Scientists at two of the top U.S. universities say they have made significant advances in their quest to find a more efficient treatment for diabetes and eventually a cure. According to the International Diabetes Federation, the disease affects more than 370 million people worldwide. VOA’s George Putic reports.
    Video

    Video NATO to Target Migrant Smugglers

    NATO has announced plans to send warships to the Aegean Sea to target migrant smugglers in the alliance's most direct intervention so far since a wave of people began trying to reach European shores.
    Video

    Video Russia's Catholics, Orthodox Hopeful on Historic Pope-Patriarch Meeting

    Russia's Catholic minority has welcomed an historic first meeting Friday in Cuba between the Pope and the Patriarch of Russia's dominant Orthodox Church. The Orthodox Church split with Rome in 1054 and analysts say politics, both church and state, have been driving the relationship in the centuries since. VOA's Daniel Schearf reports from Moscow.
    Video

    Video Used Books Get a New Life on the Streets of Lagos

    Used booksellers are importing books from abroad and selling them on the streets of Africa's largest city. What‘s popular with readers may surprise you. Chris Stein reports from Lagos.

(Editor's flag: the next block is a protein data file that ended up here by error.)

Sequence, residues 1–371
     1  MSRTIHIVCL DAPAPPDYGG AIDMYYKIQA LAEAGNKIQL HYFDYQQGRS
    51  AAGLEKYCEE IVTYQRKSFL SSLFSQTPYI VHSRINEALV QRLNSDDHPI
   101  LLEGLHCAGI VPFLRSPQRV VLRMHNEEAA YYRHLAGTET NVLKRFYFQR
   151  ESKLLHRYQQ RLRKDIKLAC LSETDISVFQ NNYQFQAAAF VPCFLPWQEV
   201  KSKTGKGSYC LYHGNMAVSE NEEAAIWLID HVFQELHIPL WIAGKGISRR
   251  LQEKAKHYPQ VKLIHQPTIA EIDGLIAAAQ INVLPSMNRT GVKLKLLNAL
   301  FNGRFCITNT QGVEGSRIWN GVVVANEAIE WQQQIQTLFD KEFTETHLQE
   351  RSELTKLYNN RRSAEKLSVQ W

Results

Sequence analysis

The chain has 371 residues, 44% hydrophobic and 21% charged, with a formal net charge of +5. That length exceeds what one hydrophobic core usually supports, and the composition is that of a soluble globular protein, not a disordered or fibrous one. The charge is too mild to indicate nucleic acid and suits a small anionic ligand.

Video

    Video After NH Primaries All Eyes on South Carolina

    After Tuesday's primary in New Hampshire, US presidential candidates swiftly turned to the next election coming up in South Carolina. The so-called “first-in-the-South” poll may help further narrow down the field of candidates. Zlatica Hoke reports.
    Video

    Video Smartphone Helps Grow Vegetables

    One day, you may be using your smartphone to grow your vegetables. A Taipei-based company has developed a farm cube — a small, enclosed ecosystem designed to grow plants indoors. The environment inside is automatically adjusted by the cube, but it can also be controlled through an app. VOA's Deborah Block has more on the gardening system.
    Video

    Video Exhibit Turns da Vinci’s Drawings Into Real Objects

    In addition to being a successful artist, Renaissance genius Leonardo da Vinci designed many practical machines, some of which are still in use today, although in different forms. But a number of his projects were never realized — until today. VOA’s George Putic reports.